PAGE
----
His clothing–an undershirt to the knees and a robe to the ankles–hung loose upon him so that the air insulated him against the heat. A shawl wound about his face and tied with a cord to his head shielded eyes against sun–and ears, nose, mouth and eyes against sand and dust. His goat-hair tent was a technological triumph. In summer, its top shaded him from the sun and the sides were raised to admit the cooling breeze. In winter, the sides came down, and when the rare rains descended violently upon it, the loosely woven fibers would rapidly swell and waterproof the dwelling.

The family tent was partitioned, a section for the women and children and one where the family head entertained his male guests. The chief or sheikh had a special tent, a diwan, or reception hall, used for tribal business and “occasions of state.” All tools and utensils and the tents themselves were portable, with boxes and carrying cases into which everything fit. Rapid mobility was essential.

All of this could work only if the social unit was both cohesive and small. Each tent in a Bedouin camp represented a family unit. Several closely related family units might pasture their flocks together in winter, then join other such groups around an oasis in the summer. All these family groupings together formed the clan, the central factor in Bedouin life.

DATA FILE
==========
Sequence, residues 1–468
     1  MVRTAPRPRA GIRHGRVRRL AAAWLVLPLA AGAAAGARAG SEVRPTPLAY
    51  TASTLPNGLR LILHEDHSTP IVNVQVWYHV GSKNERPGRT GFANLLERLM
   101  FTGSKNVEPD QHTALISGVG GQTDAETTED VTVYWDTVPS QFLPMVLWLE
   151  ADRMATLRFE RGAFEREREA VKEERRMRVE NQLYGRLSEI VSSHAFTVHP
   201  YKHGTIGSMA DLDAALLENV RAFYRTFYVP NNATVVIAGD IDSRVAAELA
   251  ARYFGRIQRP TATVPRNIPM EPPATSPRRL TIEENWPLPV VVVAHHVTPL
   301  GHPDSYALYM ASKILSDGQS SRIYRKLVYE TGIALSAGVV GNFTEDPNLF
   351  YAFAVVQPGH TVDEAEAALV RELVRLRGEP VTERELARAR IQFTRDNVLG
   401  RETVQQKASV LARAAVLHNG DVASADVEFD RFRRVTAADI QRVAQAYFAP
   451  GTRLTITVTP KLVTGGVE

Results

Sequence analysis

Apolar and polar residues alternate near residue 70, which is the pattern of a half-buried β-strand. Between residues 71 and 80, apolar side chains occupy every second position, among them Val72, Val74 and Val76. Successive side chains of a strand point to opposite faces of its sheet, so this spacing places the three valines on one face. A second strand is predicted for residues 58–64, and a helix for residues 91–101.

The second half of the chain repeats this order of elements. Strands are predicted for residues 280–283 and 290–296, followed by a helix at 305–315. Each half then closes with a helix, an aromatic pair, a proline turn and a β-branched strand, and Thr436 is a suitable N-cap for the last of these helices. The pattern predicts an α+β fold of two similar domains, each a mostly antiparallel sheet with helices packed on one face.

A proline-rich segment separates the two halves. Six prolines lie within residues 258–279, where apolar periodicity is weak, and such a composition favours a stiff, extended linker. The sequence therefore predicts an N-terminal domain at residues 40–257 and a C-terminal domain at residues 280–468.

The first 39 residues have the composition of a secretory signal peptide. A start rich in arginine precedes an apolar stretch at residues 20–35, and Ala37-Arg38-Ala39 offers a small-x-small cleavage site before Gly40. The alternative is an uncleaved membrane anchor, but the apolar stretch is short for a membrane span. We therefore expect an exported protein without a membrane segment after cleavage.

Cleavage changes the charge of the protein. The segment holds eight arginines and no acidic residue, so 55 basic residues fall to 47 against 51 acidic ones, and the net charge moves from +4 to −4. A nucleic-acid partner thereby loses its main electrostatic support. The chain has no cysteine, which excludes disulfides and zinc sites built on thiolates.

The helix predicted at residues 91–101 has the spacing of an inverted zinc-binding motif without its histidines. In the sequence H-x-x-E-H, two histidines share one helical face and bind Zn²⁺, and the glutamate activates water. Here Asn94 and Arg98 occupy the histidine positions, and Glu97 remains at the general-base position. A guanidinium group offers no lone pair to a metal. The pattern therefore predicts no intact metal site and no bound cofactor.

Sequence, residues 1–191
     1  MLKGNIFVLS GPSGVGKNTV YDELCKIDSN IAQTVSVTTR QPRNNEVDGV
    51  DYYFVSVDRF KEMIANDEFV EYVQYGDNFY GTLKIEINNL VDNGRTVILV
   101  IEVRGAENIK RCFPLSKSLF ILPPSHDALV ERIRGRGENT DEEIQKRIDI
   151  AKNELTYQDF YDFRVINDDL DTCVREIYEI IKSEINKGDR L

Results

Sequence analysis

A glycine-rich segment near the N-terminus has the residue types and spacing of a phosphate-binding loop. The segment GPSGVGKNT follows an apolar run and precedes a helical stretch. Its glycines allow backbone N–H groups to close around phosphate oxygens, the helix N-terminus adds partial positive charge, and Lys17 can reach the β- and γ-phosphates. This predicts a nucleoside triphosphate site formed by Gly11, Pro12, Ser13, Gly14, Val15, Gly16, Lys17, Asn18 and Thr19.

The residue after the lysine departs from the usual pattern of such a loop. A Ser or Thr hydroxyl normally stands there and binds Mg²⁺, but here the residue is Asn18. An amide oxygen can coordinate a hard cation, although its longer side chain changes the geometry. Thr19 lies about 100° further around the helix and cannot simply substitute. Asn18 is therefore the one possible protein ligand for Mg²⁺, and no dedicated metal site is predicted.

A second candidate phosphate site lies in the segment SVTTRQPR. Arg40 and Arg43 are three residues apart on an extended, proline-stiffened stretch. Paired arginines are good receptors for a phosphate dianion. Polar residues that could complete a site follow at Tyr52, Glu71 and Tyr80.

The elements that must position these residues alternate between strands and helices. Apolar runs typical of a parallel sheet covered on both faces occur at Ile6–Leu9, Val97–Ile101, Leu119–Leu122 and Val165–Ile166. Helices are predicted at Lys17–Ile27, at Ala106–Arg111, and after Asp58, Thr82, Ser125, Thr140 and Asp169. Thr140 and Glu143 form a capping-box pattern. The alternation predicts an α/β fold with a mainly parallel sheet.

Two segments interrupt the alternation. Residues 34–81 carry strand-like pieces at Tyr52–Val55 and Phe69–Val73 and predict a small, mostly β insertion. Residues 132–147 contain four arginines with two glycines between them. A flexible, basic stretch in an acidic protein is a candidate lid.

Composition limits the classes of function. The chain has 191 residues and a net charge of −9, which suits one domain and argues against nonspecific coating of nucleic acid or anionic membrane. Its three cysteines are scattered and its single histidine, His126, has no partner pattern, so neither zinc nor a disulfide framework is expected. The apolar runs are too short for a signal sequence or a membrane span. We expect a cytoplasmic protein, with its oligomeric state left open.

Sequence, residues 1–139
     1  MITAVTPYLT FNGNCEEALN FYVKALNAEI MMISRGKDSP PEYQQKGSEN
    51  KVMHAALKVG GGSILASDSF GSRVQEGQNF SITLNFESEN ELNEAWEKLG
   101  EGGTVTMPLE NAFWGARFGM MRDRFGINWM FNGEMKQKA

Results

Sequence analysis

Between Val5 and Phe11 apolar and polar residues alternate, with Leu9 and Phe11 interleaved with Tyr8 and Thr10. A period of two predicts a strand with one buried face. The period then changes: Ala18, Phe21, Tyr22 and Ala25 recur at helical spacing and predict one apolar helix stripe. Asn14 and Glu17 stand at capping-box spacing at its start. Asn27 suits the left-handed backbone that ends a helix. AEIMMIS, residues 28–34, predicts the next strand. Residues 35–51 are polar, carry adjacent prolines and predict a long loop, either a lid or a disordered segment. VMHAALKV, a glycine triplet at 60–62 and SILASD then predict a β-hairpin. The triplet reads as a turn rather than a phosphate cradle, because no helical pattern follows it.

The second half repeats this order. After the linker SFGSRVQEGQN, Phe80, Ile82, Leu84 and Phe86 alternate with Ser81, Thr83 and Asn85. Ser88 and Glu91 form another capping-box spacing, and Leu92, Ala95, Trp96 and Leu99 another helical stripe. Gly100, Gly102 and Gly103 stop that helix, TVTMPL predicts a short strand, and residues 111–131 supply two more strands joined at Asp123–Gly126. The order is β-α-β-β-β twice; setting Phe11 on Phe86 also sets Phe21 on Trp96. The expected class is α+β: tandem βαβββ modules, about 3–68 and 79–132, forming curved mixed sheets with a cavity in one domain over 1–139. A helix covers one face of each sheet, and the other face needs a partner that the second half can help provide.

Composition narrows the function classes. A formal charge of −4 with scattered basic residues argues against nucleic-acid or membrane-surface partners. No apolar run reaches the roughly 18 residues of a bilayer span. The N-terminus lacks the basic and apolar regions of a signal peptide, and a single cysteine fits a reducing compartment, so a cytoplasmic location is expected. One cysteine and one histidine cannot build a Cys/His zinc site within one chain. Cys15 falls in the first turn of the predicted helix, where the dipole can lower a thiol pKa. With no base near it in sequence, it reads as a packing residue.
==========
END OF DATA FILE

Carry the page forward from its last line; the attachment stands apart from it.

The clan constituted every Bedouin’s society. It provided his means of livelihood; it represented his law and government; it served as his school, private club, labor union, insurance company, and the executor of his estate. The clan also defined the limits of the tha’r, the rule of vendetta that was universal throughout the desert. Murder of a clansman by an outsider demanded money or blood, and the resulting feud might go on for half a century.

The chief or sayyid of the clan was chosen at a meeting of all the members, at which anyone could speak and everyone held a veto. He came, however, from what was regarded as the clan’s noblest family, and was picked for his ability, generosity, affluence, eloquence and sense of justice. His term of office lasted as long as he could demonstrate these qualities, and no longer. Other clan members addressed him as an equal. “There is no king on the desert,” the saying went. “The Bedouin,” says the historian Philip K. Hitti in his classic History of the Arabs, “is a born democrat.”